The Body


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  • In this lecture the particular concern is the relation between visual representation and the identity of the human subject. We will look at the transforming body within popular culture in the 20th and 21st centuries.
  • The Body

    1. 1. Representation
    2. 2. REPRESENTATION IS NOT NEUTRAL; IT IS AN ACT OF POWER IN OUR CULTURE. Craig Owens Craig Owens (1950–1990) was an American post-modernist art critic, gay activist and feminist.
    3. 3. A dichotomy exists between High and Mass culture which one can see privileges the masculine over the feminine High Culture Mass Culture (Art) (Pop culture) Masculine Feminine Production Consumption Work Leisure Intellect Emotion Activity Passivity Writing Reading
    4. 4. The term Patriarchy suggests a society ruled or dominated by men; patriarch means father, thus patriarchal relates to a culture shaped and governed in the interests of men, with women in a subordinate and, in some cases, subject role. Patriarchy is reflected in customs, norms, and values, laws, education, commerce, industry, the arts, sport and not the least language.
    5. 5. power. We cannot look at identity in isolation, we need therefore to place questions of identity in the context of history, language and power.
    6. 6. Areas of interest include:
 - Make-over narratives and ‘C inderella stories ’ - Gender and transgender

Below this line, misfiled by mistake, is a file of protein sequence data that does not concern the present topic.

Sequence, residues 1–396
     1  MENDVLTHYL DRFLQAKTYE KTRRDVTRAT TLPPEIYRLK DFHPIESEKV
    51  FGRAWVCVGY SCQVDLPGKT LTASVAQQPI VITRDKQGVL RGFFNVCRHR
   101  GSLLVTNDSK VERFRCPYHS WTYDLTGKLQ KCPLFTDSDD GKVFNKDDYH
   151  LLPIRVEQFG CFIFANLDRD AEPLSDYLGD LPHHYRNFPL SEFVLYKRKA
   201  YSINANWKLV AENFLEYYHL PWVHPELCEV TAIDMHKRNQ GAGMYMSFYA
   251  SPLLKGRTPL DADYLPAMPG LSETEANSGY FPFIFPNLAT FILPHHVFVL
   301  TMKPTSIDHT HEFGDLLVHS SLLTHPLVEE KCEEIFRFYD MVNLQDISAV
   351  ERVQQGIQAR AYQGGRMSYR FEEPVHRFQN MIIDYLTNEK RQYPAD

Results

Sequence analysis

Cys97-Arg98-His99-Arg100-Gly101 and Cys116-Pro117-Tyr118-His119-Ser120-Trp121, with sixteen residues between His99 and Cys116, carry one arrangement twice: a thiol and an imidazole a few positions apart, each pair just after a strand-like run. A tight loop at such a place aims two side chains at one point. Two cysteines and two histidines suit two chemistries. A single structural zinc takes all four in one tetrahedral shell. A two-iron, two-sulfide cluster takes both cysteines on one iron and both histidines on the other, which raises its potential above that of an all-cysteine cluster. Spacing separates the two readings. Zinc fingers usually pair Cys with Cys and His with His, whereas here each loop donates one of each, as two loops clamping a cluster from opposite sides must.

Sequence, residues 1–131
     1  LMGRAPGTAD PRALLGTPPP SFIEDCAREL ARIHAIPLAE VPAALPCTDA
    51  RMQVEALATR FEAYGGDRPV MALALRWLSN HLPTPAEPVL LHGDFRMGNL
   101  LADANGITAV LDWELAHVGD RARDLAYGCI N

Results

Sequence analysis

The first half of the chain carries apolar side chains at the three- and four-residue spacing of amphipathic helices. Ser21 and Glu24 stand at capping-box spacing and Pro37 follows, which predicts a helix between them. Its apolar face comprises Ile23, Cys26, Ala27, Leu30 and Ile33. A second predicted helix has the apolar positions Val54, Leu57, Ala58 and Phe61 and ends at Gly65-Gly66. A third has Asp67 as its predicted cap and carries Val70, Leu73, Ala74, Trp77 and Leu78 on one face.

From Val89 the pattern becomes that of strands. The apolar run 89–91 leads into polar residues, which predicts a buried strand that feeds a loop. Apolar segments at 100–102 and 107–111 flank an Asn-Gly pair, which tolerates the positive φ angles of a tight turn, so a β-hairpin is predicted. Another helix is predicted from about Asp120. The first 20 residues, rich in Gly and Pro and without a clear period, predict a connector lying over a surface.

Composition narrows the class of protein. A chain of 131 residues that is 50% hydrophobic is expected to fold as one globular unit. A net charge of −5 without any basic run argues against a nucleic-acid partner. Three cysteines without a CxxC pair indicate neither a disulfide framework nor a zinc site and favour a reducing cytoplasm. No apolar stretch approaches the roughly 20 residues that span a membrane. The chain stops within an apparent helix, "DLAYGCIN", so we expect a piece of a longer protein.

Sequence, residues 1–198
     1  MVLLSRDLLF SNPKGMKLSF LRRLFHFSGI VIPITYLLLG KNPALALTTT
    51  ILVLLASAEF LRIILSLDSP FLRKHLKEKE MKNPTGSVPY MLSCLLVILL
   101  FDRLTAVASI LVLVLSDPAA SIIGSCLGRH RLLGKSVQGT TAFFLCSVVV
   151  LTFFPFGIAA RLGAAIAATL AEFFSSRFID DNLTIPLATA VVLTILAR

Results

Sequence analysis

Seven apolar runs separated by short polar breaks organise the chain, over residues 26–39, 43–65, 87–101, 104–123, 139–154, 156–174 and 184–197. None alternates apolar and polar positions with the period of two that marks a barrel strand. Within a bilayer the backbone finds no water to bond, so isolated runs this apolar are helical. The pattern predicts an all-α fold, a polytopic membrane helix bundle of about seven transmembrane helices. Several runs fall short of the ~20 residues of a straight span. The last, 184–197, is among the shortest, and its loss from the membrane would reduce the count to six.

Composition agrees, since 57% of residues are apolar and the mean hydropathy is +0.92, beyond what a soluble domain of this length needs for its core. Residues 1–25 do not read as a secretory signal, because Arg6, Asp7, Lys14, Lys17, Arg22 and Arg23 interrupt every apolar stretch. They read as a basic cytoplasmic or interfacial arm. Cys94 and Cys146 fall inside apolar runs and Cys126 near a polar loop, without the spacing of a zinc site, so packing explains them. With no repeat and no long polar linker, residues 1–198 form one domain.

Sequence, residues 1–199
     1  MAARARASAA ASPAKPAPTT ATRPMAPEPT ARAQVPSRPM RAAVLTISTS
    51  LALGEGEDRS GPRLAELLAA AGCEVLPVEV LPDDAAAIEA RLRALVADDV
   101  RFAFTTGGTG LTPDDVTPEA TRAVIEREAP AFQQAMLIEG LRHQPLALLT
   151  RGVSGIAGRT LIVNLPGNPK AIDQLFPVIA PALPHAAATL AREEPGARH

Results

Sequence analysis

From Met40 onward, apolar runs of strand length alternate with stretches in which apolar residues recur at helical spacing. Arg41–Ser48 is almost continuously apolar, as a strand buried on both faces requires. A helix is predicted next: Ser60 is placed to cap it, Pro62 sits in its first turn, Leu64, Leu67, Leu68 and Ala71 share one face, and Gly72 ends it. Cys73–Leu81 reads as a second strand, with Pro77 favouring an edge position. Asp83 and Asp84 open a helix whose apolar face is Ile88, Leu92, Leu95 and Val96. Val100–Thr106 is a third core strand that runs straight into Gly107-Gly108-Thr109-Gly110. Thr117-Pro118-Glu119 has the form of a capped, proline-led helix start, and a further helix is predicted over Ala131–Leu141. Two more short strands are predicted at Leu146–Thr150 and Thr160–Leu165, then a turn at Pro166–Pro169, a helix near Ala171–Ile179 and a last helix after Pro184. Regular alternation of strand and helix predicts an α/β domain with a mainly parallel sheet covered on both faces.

- The transforming body
 - Medical/surgical narratives
 - The hybrid or obscene body
 - Body art, performance art and fetish culture
 - Monstrosity, plasticity and body horror
 - The body as sick/damaged or whole/perfected
    7. 7. Feminism for boys and girls <ul><li>Basic Ideas: </li></ul><ul><li>Active belief in women’s rights and opportunities for women </li></ul><ul><li>Gender and sex are not the same thing. Sex = biological differences between men and women, gender = social construction of gender roles </li></ul><ul><li>A call for more social equality between men and women </li></ul><ul><li>Women should have the right to make choices that affect them </li></ul><ul><li>Women shouldn’t have to conform to the images and the ideas society promotes </li></ul><ul><li>Belief in equality of men and women on all things (economic, political, social) </li></ul><ul><li>Get rid of a male dominated society and make everything equal </li></ul>
    8. 8. <ul><li>THEORETICAL PERSECTIVES </li></ul><ul><li>Radical Feminism: </li></ul><ul><li>The opposite of our society now, where women are the more privileged, powerful, prestigious in society </li></ul><ul><li>Say that men’s “reason” was created to emphasize masculine control and that it is not as good as women’s intuition. </li></ul><ul><li>Liberal Feminism: </li></ul><ul><li>Equality can not be obtained only through legal, political, constitutional amendments. Must be social too. </li></ul><ul><li>Emphasize equal rights for women </li></ul><ul><li>Women can and should be treated the same as men and this leads to equality </li></ul>Feminism for boys and girls